Wheat price slips on news of surprise large U.S. crop

September 11, 1992|By Bloomberg Business News

CHICAGO -- The price of wheat for delivery in December slipped yesterday, and prices likely will fall further in reaction to a report from the Agriculture Department that said this year's wheat crop will be larger than expected, analysts said.

Elsewhere, the price of cotton for delivery in December fell to a new life-of-contract low for the third consecutive session. Copper and platinum futures plunged while silver futures slipped. Gold futures were unchanged, and energy futures closed mixed.

Wheat for December delivery finished 3 cents lower at $3.39 a bushel at the Chicago Board of Trade.

After trading closed, the USDA estimated the 1992-1993 wheat production at 2.407 billion bushels, higher than most estimates.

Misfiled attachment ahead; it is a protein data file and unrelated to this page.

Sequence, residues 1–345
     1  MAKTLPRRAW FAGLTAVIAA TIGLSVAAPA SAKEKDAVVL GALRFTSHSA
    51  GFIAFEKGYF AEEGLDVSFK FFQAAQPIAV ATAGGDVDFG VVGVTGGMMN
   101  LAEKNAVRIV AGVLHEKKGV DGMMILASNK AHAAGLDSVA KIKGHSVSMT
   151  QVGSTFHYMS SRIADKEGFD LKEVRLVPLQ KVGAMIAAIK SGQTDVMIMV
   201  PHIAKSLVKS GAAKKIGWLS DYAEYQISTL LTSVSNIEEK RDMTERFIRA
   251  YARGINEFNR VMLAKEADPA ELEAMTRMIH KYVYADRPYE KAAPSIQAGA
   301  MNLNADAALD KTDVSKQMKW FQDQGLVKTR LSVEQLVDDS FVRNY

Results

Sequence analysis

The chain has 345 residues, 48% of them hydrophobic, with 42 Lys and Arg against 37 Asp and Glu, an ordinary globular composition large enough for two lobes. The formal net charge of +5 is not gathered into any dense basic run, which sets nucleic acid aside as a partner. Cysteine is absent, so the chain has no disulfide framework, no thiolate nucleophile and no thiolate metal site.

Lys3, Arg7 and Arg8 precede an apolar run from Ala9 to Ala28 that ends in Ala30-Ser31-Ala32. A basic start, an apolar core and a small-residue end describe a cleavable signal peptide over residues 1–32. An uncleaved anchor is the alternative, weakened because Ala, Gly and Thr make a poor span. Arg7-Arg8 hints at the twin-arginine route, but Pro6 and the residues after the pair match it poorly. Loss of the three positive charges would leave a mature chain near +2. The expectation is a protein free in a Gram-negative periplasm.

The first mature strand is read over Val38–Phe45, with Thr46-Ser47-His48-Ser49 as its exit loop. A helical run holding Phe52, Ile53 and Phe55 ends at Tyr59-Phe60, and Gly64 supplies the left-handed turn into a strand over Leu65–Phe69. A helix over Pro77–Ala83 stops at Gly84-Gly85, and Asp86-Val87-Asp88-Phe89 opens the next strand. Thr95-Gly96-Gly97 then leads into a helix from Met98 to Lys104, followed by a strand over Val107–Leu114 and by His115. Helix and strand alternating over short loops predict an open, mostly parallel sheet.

"The numbers are negative for wheat, but the market is still waiting to see what demand looks like, especially with regard to the Russian allocations," said Steve Freed, of ADM Investor Services in Chicago.

Dan Basse, an analyst with AgResources Co. in Chicago, said President Bush could announce the Russian credit package today.

Initially, wheat futures prices sank amid concern about export sales, analysts said. Worries were heightened by a report from the state-run China News Agency, quoting a Chinese official saying China should halt U.S. wheat imports unless the United States drops its decision to sell F-14 jets to Taiwan. China claims sovereignty over Taiwan.

China has imported U.S. wheat in recent years despite large harvests of its own, leading to overstock, the Chinese official said.

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